Acting I comprises the first nine months of the Meisner technique. The goal of the first year is to develop a truthful acting instrument, where all fundamentals of the art form become second nature. This is the start of the work that puts a serious actor on the road to being an exceptional artist.

Acting 1: The Truthful Instrument

Acting I comprises the nine months of the Sanford Meisner first year technique. The goal of the first year of the Meisner training is to develop a truthful acting instrument, where all fundamentals of the art form are second nature to the actor. Beginning with a simple repetition exercise, Meisner’s brilliant technique, when taught properly, evolves over nine months into a very deep, rich, and sophisticated, improvisational exercise. Untrained actors are bad and not respected professionally for a number of reasons: their attention is on themselves, they wait for their cues, cannot respond spontaneously from moment to moment, think squeezing out emotion is a good thing, are riddled with physical and vocal tension, indicate behavior, don’t listen, and can’t craft. Meisner’s first year solves these problems along with many others.

Picasso said “All children are artists. The problem is how to remain an artist once you grow up.” All of us have been parented, socialized, and educated. This is necessary to lead a healthy and productive life in society, but it is not helpful for the artist. First year chips away at the defenses and insecurities that have taken decades to develop. Whether it’s a fear of anger, feeling unworthy of joy, an aversion to conflict, a need to function as peacemaker, or the notion that you are not entitled to your feelings, these issues all contribute to hindering artistic development. Our students will not only confront these issues, but solve them in a safe and nurturing environment. The actor will learn how to listen and respond personally, how to get the placement of concentration off of themselves, will discover how to return to their impulsive child-like spontaneity, learn how to craft in a simple, specific and personal way, harness their ability to daydream and fantasize in order to emotionally prepare offstage, while also finding the courage and ease to function from all sides of their temperament. This is the work that puts a serious actor on the road to being an exceptional artist.

Meisner understood however, that his exercise work would be of no value if the actor could not apply what they have learned to scenes. Text is, ultimately, the actor’s playground. As Meisner taught and intended, we will also, at three different points during first year, take where we are in the exercise and apply that work organically to scenes. Students will do three rounds of scenes in first year, with each round challenging the actor to apply these important fundamentals to text. Compelling actors know how to improvise freely with a script, and understand the freedom and vivid behavior that can be created through spontaneous improvisation. Bad actors do line readings and can offer nothing more than conventional, cookie-cutter interpretations from their own pedestrian behavior.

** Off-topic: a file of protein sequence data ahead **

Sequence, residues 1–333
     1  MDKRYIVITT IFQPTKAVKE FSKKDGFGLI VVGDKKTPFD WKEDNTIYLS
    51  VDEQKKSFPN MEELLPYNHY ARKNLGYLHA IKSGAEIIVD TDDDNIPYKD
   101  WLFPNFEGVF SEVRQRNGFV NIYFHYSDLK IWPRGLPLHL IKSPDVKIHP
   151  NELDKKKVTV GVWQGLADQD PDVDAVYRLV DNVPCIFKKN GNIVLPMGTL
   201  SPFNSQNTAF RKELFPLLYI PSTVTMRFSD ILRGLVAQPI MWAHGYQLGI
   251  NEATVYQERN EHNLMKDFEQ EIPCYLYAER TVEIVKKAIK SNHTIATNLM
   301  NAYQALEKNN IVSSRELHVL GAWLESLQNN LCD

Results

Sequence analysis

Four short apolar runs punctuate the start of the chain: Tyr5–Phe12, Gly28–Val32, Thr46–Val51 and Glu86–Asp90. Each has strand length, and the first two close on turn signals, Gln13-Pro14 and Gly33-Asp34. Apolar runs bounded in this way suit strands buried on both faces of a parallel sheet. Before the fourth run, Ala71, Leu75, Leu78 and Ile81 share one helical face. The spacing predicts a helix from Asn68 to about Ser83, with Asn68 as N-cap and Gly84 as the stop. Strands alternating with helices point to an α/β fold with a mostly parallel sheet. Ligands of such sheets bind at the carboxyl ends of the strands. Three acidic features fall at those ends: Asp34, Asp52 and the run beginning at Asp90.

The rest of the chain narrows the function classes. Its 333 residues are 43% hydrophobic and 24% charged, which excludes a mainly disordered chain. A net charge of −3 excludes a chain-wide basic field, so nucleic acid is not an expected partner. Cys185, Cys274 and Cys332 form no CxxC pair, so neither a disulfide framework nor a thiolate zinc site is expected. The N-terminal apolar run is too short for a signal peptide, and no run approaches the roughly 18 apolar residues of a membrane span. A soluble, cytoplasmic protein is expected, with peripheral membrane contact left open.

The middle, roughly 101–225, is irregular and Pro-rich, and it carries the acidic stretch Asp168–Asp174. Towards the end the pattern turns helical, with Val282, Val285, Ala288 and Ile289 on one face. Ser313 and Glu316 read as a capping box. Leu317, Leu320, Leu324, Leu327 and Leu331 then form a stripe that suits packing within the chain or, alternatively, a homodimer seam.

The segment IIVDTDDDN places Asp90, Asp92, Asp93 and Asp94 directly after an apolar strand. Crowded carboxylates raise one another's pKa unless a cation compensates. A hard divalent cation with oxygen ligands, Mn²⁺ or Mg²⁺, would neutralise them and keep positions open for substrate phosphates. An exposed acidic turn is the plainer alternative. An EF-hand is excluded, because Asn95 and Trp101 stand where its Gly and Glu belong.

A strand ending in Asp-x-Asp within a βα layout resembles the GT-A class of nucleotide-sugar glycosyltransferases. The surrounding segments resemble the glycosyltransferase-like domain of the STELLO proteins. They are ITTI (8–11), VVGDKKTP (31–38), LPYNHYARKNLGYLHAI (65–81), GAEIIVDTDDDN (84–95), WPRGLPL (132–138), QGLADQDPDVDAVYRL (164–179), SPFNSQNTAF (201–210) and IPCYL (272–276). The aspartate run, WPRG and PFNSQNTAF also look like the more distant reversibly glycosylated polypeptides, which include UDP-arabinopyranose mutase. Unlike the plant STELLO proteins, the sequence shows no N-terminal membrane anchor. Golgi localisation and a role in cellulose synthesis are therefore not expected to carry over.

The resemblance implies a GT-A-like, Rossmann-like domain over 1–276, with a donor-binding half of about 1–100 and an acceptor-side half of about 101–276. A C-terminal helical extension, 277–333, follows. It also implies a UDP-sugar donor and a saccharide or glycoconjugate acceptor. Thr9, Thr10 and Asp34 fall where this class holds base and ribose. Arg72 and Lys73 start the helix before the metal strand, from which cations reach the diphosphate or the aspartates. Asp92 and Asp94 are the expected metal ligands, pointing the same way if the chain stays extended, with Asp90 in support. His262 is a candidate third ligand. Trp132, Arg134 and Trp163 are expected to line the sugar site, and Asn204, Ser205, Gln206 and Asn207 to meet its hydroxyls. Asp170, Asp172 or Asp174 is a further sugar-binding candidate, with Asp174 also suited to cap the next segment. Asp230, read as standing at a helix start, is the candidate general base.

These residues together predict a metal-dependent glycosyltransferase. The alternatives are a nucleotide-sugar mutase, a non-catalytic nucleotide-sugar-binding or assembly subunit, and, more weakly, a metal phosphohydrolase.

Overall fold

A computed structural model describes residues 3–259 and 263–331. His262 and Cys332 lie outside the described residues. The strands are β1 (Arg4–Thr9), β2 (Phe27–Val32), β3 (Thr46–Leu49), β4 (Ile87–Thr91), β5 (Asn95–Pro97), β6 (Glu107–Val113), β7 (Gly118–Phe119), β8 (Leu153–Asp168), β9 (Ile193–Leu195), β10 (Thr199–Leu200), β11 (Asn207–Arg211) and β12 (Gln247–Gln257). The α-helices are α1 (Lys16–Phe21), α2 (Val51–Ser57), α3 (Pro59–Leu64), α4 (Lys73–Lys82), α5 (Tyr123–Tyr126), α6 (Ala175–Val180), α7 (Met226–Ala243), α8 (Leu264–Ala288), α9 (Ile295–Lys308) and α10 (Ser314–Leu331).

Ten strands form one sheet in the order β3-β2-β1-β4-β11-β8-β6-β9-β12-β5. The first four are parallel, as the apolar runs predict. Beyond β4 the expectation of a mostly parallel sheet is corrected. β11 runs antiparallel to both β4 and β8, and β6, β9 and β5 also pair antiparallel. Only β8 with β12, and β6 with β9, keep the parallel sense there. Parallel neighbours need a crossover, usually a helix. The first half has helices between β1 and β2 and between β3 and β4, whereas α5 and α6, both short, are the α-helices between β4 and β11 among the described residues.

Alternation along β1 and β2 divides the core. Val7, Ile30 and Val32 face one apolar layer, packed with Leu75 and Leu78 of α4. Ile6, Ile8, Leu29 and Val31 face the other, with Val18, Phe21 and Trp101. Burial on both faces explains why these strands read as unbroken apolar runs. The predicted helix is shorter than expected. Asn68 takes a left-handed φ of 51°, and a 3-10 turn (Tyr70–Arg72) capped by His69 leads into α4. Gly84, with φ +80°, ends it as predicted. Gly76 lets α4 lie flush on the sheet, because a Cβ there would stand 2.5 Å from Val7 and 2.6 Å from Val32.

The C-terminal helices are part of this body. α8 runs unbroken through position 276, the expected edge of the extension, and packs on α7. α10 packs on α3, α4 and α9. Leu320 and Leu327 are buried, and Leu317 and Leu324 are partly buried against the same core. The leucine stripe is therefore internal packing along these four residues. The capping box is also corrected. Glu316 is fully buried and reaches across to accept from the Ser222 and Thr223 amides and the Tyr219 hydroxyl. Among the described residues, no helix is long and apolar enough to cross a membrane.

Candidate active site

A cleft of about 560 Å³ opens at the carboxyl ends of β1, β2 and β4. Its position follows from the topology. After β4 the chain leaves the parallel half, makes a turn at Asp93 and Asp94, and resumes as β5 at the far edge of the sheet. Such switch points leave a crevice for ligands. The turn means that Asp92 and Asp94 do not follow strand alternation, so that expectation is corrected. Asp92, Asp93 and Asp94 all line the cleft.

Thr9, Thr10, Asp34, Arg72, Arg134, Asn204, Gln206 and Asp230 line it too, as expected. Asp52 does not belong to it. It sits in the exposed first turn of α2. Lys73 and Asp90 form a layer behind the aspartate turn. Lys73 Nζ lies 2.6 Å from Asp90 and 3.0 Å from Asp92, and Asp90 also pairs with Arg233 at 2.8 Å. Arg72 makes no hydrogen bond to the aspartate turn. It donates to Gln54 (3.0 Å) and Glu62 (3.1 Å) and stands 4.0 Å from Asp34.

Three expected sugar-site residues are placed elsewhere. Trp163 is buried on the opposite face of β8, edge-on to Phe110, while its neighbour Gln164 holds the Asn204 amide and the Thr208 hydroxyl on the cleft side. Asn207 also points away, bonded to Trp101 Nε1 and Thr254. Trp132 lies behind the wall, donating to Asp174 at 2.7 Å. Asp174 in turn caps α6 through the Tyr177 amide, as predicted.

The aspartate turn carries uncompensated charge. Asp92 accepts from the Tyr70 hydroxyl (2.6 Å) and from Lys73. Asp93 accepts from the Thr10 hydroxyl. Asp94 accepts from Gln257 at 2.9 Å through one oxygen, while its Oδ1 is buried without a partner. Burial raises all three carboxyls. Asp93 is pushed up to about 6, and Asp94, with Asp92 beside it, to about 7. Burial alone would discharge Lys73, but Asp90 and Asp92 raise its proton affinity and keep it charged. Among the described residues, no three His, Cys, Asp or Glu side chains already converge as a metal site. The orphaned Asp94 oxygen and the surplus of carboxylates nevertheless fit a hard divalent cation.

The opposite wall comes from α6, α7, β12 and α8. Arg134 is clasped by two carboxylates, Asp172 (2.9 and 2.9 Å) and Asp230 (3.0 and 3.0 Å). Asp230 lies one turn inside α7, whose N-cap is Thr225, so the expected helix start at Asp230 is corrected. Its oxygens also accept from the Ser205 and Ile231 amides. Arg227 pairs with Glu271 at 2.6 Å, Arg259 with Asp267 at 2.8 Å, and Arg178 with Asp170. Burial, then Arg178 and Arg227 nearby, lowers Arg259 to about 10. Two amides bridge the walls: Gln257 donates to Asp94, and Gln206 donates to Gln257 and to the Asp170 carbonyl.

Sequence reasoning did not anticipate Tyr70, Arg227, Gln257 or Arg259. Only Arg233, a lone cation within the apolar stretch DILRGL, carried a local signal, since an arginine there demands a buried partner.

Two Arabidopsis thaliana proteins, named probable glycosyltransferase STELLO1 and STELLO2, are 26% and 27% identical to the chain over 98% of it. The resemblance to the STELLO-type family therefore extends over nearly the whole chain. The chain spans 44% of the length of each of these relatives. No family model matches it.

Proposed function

Learning How to Craft

Another primary goal of the Meisner Technique is to teach you how to craft. Over the nine months of Acting 1, a student will learn how to craft a previous circumstance, acting relationships, and shared circumstances in a simple, specific, and personal way. Our acting studio is grounded in mastering these fundamental crafting questions. There are many acting classes for actors that overlook the importance of crafting. You can either craft specifically and create vivid behavior, or craft generally and have nothing. The job of the actor is to create behavior, and a solid fundamental process is the floorboard for it all.

Meisner’s first year technique, and the work at our studio, will train the actor to break from these bad habits, producing a truthful, clear and fundamentally sound actor capable of creating vivid experiential behavior, consistently.

Acting 1: The Foundation for Creating a Process

Acting can seem mysterious and sometimes intimidating when you begin to look seriously into professional training. The options for acting classes in NYC can feel overwhelming. The Maggie Flanigan Studio was created to provide a home for you, a place to form friendships and create community with like minded, passionate people. Acting 1 is the foundation, the first step toward creating a process, a way of working to create organic behavior. It’s a wonderful, exciting, and challenging journey of not just gaining insight into acting as an artform, but also a profound exploration of who you are, and how you relate to the world. Apply now to find out more about what is possible.


Charlie’s unique relationship with Maggie Flanigan began over twenty-five years ago. He received his MFA in acting from Rutgers University, Mason Gross School Of The Arts where Maggie and Bill Esper trained him in the Meisner Technique. Over the past 30 years Charlie has also studied and collaborated with many artists including Ben Kingsley, Fiona Shaw, Mark Wing-Davey, and Ellen Stewart.


“This school has completely changed me, as an actor and as a person. Charlie will make you dig down deep inside yourself and find things you didn’t know were there. I wouldn’t give this experience back for anything.”

Marco Bettencourt Urbina

Marco Bettencourt Urbina

“Charlie and Maggie are in my opinion, two of the top Meisner teachers in the country. I’m proud to be an alum of MFS and I consider the studio home.”

Marco Bettencourt Urbina

John Bermudez

“Rarely does a day go by that I do not take note of how far my classmates and I have come in our short time at the studio. This program has transformed me as an actor and overall person.”

Marco Bettencourt Urbina

Charlie Westfal